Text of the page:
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Hillary Clinton Hits 'Sexism' in Media Coverage -- Says Gender Bigger Drawback Than Race
In an interview with The Washington Post's Lois Romano, Hillary Clinton hit "sexism" in media coverage of her campaign as "deeply offensive to millions of women." She criticized the "vitriol" from "misogynists" and said that the race factor was often discussed but not gender: "[E]very poll I've seen show more people would be reluctant to vote for a woman to vote for an African American, which rarely gets reported on, either."
While some of the quotes have already surfaced, here is a full transcript of the Sunday interview sent to E&P today:*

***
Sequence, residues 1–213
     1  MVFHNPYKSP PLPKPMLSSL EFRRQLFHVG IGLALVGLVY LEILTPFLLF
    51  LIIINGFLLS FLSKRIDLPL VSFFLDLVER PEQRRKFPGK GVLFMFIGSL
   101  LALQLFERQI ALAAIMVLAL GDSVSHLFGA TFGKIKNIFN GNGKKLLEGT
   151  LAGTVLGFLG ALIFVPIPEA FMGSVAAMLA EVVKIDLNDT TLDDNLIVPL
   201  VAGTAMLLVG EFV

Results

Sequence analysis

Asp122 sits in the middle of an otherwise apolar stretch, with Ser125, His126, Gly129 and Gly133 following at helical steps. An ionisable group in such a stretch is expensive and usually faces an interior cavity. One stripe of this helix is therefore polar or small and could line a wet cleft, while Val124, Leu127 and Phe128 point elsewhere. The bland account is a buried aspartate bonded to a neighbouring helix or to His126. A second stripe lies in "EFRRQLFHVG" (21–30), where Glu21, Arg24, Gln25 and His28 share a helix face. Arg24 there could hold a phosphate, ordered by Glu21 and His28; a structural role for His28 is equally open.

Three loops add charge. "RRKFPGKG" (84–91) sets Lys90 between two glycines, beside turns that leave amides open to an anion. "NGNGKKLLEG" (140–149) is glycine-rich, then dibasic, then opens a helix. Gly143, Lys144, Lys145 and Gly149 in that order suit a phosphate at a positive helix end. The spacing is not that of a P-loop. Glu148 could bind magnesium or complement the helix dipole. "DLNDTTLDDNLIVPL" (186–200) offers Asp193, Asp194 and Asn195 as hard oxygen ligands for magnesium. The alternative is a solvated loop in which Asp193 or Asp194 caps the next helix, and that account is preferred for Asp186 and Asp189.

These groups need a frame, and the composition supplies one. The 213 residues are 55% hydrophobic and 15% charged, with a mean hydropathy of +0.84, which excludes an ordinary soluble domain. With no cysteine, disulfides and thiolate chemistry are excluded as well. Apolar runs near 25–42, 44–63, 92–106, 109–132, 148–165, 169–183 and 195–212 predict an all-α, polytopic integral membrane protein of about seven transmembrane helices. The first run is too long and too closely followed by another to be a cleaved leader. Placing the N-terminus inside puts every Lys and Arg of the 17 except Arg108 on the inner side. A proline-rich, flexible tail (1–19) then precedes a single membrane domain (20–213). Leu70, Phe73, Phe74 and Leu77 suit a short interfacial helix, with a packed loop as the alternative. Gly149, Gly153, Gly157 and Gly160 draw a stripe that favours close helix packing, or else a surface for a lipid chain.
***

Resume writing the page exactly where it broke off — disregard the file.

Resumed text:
Q. One of the stories that has been well documented over and over again is basically how you've been treated by the media. Can you talk about that a little bit, because I get the idea that it's really pissed off a lot of women. A. "I think it has. I think it's been deeply offensive to millions of women. ... I believe this campaign has been a ground breaker in lots of ways, but it certainly has been challenging given some of the attitudes that have been forthcoming in the press, and I regret that because I think it's been really not worthy of the seriousness of this campaign and the historical nature of the two candidacies that we have here. But I don't really stop to worry about it because there's nothing I can do about it." Q. Are women going to be upset if you don't get the nomination? A. I have more voters now than my opponent. I have more popular vote, more people voting for me. Q. Counting Michigan and Florida? A. According to ABC, and I think it's a fair way to total it up because my name was on the ballot they voted for me. But in any event, it's one of the closest races we've ever had and I think that a lot of people are deeply invested in their candidates, so there will probably be disappointment no matter which of us gets the nomination. And then it will be up to us to unify the party and make sure we are victorious in November against McCain. Q. What's the scenario by which you could still win the nomination? A. If people start asking themselves who's the strongest candidate against John McCain, because I believe I am. Q. Do you think he can win? …